Of course, broadening the picture somewhat, there is a long history of debate about transgender, XXY, etc people in sports: if someone is “really” a man is it fair to compete in the women’s competition?

        I don’t think that the consequence should be unisex sports teams. If there is a valid reason for a distinction, that’s fine. I see no problem with giving women more time off from work before the birth of a child than men, for example. Public toilets don’t have any valid reason, as far as I can tell, and seem to work fine where they exist.

      • Anton Garrett Says:

        So men and women emerge from a unisex changing room and then separate into different sports teams? That is simply inconsistent.

      • Phillip Helbig Says:

        “So men and women emerge from a unisex changing room and then separate into different sports teams? That is simply inconsistent.”

        Really?

        Assuming that more than one match is taking place near the changing room in the first place, what is wrong with this scenario? (Whether it is “consistent” doesn’t really matter.) Should they arrive by separate buses, trains, etc as well?

      • Anton Garrett Says:

        Yes, you have seen the point. A line has to be drawn somewhere. Blithely asserting that where you think it should be drawn is “valid” is not a constructive way to engage.

      • Phillip Helbig Says:

        “Yes, you have seen the point. A line has to be drawn somewhere. Blithely asserting that where you think it should be drawn is “valid” is not a constructive way to engage.”

        I don’t think I blithely assert anything. Yes, people will differ on where the line should be drawn. If society deems that a line should be drawn at all, it has to agree by democratic process, preferably informed based on facts.

        My position is that any sort of segregation requires an objective reason. Apart from leave from work in the few weeks before and after a birth and some kinds of sports, I don’t see any objective reasons for society treating men and women differently.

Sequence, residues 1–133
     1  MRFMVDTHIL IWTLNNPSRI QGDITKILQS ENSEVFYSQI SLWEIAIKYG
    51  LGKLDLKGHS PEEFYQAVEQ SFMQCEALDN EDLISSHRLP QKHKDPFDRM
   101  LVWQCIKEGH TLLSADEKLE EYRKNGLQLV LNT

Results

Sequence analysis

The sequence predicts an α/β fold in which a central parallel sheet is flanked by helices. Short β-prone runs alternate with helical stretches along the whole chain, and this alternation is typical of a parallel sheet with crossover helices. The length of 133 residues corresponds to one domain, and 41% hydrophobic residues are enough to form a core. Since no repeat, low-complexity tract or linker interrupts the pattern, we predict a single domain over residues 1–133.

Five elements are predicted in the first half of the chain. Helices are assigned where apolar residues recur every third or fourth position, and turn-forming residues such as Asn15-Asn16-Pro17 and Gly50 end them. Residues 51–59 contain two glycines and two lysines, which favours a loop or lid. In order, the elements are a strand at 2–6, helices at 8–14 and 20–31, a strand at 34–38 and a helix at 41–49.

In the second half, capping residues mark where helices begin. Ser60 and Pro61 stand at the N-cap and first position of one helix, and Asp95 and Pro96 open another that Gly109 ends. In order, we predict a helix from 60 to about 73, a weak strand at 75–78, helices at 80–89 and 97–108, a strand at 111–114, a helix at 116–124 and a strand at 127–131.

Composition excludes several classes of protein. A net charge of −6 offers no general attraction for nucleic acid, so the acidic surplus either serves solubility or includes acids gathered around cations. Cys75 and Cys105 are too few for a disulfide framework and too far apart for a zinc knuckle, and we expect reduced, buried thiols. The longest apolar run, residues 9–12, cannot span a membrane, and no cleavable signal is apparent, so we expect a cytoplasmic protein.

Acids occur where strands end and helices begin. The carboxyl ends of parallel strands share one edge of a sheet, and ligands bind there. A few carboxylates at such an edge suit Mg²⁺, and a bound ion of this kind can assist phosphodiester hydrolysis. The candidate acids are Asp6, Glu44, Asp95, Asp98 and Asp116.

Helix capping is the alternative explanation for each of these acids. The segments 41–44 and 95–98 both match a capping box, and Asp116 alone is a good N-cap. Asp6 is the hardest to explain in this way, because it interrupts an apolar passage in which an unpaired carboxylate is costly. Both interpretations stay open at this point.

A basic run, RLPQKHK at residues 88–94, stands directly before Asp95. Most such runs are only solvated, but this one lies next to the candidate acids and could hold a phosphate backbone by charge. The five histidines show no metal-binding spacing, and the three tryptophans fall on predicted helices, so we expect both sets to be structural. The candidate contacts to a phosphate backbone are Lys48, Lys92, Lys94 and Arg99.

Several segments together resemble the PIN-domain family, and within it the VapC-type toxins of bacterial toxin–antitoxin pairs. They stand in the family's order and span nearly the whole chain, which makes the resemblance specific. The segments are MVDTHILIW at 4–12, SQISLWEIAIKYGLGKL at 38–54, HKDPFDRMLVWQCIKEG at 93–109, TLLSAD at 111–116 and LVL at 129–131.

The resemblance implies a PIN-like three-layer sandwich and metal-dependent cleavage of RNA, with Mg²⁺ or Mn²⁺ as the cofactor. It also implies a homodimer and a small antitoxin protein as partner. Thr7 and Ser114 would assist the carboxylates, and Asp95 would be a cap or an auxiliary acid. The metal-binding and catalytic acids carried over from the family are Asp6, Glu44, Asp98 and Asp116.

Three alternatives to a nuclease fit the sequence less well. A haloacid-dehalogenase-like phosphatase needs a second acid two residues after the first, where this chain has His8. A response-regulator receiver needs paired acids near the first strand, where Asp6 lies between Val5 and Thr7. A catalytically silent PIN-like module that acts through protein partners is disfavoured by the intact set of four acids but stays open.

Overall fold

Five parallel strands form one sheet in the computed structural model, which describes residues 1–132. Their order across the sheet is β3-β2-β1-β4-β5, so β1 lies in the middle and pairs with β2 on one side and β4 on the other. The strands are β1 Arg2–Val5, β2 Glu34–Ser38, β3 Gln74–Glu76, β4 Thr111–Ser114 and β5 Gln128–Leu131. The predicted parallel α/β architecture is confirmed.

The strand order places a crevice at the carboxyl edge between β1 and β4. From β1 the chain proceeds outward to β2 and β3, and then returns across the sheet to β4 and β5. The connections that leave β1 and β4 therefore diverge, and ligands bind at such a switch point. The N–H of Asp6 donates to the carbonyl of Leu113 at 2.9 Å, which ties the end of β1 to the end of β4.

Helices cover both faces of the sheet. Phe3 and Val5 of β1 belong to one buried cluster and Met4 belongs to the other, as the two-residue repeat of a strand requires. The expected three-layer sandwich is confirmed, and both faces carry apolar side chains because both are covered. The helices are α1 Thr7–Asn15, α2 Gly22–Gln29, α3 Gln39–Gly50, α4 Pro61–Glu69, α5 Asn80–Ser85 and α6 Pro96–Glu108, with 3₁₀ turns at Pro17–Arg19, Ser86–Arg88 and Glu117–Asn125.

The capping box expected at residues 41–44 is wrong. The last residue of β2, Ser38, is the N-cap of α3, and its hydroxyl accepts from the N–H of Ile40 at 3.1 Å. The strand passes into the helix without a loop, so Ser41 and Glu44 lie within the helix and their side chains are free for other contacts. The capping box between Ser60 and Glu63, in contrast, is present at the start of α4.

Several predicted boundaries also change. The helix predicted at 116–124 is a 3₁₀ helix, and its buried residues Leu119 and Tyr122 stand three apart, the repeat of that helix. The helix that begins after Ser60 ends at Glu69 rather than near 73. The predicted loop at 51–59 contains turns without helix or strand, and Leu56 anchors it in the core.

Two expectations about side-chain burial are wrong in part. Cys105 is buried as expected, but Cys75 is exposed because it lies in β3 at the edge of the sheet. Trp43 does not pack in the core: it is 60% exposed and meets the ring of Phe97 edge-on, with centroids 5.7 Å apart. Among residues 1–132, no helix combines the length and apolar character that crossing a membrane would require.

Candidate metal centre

Another point: not everyone might like LGBTQP people, but they do exist. Any sort of dichotomous system must take this into account. Actually, I think the recognition of a broader gender spectrum renders dichotomous systems rather obsolete.

      • Anton Garrett Says:

        And that is the point. If you acknowledge LGBTQP (and more), why should sport be subdivided into just two, referred to as men and women? Does consistency not demand either unisex teams or multiple teams, one for each category; and if not, why not?

      • Phillip Helbig Says:

        As I mentioned above: “Of course, broadening the picture somewhat, there is a long history of debate about transgender, XXY, etc people in sports: if someone is “really” a man is it fair to compete in the women’s competition?”

        I think the issue of sports, though, is largely a red herring regarding a) the acceptance (or at least tolerance) of LGBTQP people in society, b) mixed toilets, changing rooms, etc, and c) men in skirts.

      • Anton Garrett Says:

        I mean no discourtesy but I think you have ducked my question.

      • Phillip Helbig Says:

        I assume that this is the question: “Does consistency not demand either unisex teams or multiple teams, one for each category; and if not, why not?”

        I think neither. Multiple teams, i.e. one for straight men, one for bisexual women, etc, doesn’t make any sense. One team for all would, as you mention, essentially eradicate professional sportswomen. I think the only issue—something which has been an issue in the past—is an unfair advantage of someone who is not completely a woman in the traditional sense competing in a women’s team, e.g. woman-to-man transgendered person, XXY, whatever. I think it is rather difficult to “treat someone as a woman” if she was formerly a man, is two meters tall, and wants to play on the women’s basketball team. This is really less an issue for society as a whole and more an issue for sports, I think.

        One might say that as a (serially) monogamous straight bloke I shouldn’t comment too much on the transgendered world, about which I know essentially absolutely nothing (despite getting an email from Estelle Asmodelle this morning—extra points if you can figure out why), especially since I have almost zero interest in competitive sports. I don’t think the approach, though, that each person should be able to independently decide how society should view them is the correct one, as the interesting story of Rachel Dolezal demonstrates. (My own feeling is that if I wanted to live “as a woman” I wouldn’t change much at all, except perhaps occasionally wearing a skirt. Many transgendered people opt for an extreme, almost caricatured, version of their desired gender, i.e. shiny black leather shoes, pipe, short hair for male and high heels, makeup, long hair for a woman. I find such artificial gender markers annoying even among straight people. I would also find it hard to ask for society to treat me differently if I adopt another gender personality because I would rather live in a society where people are not treated differently based on gender or anything else.)

      • Anton Garrett Says: